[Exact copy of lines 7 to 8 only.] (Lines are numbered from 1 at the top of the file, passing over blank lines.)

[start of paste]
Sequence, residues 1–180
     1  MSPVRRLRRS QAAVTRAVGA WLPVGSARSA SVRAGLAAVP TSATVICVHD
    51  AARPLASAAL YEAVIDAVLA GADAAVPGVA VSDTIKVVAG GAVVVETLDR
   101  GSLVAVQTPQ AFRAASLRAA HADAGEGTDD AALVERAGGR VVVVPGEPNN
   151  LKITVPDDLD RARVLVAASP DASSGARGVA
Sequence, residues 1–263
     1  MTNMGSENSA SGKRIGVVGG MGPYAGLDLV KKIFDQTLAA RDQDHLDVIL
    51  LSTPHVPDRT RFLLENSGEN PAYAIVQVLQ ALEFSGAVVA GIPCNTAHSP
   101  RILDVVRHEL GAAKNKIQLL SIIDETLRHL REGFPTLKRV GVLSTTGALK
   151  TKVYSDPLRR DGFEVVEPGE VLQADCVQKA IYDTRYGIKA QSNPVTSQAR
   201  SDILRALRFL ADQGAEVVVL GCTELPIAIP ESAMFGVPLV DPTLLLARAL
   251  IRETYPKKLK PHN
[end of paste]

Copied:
     1  MTNMGSENSA SGKRIGVVGG MGPYAGLDLV KKIFDQTLAA RDQDHLDVIL
    51  LSTPHVPDRT RFLLENSGEN PAYAIVQVLQ ALEFSGAVVA GIPCNTAHSP